Smart, because policies are complex. Because we field hundreds of bits of information thrown at us and figure out which are facts and which are opinions, what is true and what is false. Smart, because we have to have the self-awareness to know what we really care about.

That’s not to say I always love politics. I have to turn off cable news for months at a time. But I always find myself drawn back to it because at heart I’m a patriotic American. (And you thought the right-wing had hijacked that phrase.) And I love a good debate.

Also unlike what seems the rest of the country, I think we should talk more about politics, not less. If we all talked–and listened–a bit more we would force the few at the top doing most of the squabbling to squabble smarter. And truthier. We’d raise the level of the conversation.

However, I’m not the type to make the first move. I (usually) don’t babble on about politics at parties unless someone else brings it up first. I volunteer for campaigns, but I’m the one who makes calls to supporters simply to remind them to vote. I drop off yard signs to those who’ve requested one.

Every election, I delay putting a sign in my own yard declaring whom I support because it feels like I’m drawing a line in the sand:

Here I stand : There you stand. Aren’t we different.

I also worry it too-strictly defines me to my neighbors who vote otherwise. Sure, I love a good debate, but some of my favorite moments in a debate are when those I disagree with get me to think twice about my opinion, when they make me stop and reconsider. (My husband will say this absolutely never happens; don’t believe him.)

In the end, I always put up a sign because of this: if politics is as important as I say it is, I should do what I can to help elect the person I support. And if I can’t openly declare where I stand and what I believe in, then what’s the point?

For this Monday–Meet: My Yard Signs

Groupon Schmoupon – or – I’ve Carried Many Watermelons

I’ve had my share of “Duh” moments that led to nausea. These are moments my friends and I refer to as “I carried a watermelon” episodes–anything we do or say that is less than a shining example of our actual brilliance.

Number 1 on my list is the time I went to a friend’s wedding in which my husband was an usher, and during the rehearsal dinner I walked up to the head table to receive the wedding-party gift I thought was meant for me when I heard the name “Jessie” announced by the groom–even though I decidedly was not in the wedding party and another usher named Jesse decidedly was. (That Jesse was in the bathroom when his name was called; otherwise, maybe I would have been stopped halfway through my long walk to the head table and been saved from embarrassment. As it was, I reached the head table and had to be told, “No, not you” by the groom as a hundred people looked on. I mean, what wedding couple don’t give the wife of an usher a gift?)

I felt pretty sick after that episode. But there is a close second.

Even though I decided to stay home for a few years when my first child was born, I’ve always looked for odd jobs to keep my mind sharp. (As we’ve seen, this is vitally necessary.) For awhile in 2008, I vacillated between starting my own little cafe and going back into public policy or public relations part-time. To the latter’s end, my friend’s husband told me, “I know someone you should know. He just started an online company called The Point.”  The point of The Point was to organize groups of people to make change–an online version of the field work campaign organizers had been doing for decades.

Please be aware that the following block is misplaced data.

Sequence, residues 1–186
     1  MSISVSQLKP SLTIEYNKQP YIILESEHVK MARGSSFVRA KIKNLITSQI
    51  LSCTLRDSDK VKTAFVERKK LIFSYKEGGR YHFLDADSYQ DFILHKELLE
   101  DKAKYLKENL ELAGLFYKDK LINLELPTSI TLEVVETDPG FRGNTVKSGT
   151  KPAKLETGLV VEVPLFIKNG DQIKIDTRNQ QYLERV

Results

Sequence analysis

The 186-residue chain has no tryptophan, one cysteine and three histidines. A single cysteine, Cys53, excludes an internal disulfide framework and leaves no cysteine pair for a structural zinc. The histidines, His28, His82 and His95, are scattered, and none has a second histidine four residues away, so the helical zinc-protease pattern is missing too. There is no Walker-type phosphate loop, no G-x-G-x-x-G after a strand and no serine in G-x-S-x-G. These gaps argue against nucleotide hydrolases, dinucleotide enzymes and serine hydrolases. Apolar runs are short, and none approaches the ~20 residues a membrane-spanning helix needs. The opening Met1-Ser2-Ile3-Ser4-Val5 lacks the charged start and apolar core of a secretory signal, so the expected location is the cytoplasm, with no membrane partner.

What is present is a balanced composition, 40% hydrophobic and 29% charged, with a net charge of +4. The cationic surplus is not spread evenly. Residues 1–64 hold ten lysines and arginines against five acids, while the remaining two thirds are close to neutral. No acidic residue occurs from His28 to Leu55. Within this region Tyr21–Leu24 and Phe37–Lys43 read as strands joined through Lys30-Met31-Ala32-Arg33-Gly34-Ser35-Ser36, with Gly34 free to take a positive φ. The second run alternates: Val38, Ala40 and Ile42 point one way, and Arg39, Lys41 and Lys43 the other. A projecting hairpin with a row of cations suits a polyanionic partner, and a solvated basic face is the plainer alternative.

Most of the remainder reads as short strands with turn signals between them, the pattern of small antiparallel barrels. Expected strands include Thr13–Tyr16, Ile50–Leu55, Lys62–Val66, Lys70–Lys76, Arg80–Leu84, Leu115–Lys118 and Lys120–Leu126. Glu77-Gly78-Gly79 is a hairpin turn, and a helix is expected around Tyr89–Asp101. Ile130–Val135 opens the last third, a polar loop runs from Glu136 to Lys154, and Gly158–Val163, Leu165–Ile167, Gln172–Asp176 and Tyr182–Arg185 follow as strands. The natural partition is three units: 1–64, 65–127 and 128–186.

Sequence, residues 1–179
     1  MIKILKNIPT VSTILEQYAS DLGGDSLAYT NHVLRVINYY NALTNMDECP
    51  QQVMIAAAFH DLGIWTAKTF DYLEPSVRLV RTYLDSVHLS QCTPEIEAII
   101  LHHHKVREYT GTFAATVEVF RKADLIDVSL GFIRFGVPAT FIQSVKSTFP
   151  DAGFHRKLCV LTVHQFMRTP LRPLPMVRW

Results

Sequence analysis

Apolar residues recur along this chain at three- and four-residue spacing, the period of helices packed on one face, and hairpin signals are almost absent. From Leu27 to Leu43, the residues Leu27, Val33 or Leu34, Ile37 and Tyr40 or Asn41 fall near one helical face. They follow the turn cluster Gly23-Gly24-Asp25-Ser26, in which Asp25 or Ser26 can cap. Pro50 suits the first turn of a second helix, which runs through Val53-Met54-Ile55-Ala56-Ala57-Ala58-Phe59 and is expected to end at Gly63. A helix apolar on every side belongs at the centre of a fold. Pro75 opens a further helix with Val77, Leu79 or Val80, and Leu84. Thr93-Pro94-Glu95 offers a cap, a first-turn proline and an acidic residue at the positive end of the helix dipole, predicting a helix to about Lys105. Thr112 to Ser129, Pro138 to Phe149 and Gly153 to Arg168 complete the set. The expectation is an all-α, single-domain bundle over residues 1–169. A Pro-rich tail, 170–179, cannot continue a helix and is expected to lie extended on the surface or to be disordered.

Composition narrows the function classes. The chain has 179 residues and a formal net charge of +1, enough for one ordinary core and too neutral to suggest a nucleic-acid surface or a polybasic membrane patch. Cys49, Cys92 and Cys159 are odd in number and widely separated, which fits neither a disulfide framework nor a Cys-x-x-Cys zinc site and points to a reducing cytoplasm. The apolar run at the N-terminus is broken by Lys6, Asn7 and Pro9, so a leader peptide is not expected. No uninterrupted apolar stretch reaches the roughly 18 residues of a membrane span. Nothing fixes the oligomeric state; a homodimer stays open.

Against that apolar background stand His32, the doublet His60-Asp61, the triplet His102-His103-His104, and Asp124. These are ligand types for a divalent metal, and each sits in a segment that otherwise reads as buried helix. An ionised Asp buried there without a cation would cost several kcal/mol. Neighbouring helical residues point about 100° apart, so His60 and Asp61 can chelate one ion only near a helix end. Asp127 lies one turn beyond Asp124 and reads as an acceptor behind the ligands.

Friend’s Husband told me the founder of The Point was interested in getting in touch with me because of my campaign background. Friend’s Husband gave me this person’s email address: AndrewMason@….

Yes, that Andrew Mason. Out of The Point grew a little company that didn’t stay little for long: Groupon.

Needless to say, I didn’t act on Friend’s Husband’s suggestion. At the time, I was more interested in starting a cafe. (You can all visit that cafe in my head.) I hadn’t even emailed the guy to say, “No, thanks. Good luck on your little venture.” Usually, I’m not so rude. But when I decide to screw up, I really go for it.

When I first learned about the opportunity that I had passed up, I could not eat the fried dough covered with powdered sugar, chocolate syrup, and whipped cream that was in front of me at that moment. I could only think, “Carrying. So. Many. Watermelons.”

I remind myself, though, that it was a potential opportunity. And, at the time, I really didn’t want to go back into public relations. So, yes, I could have possibly had a job that I possibly would not have liked but that possibly would have made me very rich.

But–and this is actually a big but–had that all happened, I would not be writing a novel, which is what I’ve wanted to do since I was five. It is my Life Goal. And I’m doing it.

Is that worth millions? Maybe not in dollars. But it’s definitely worth something.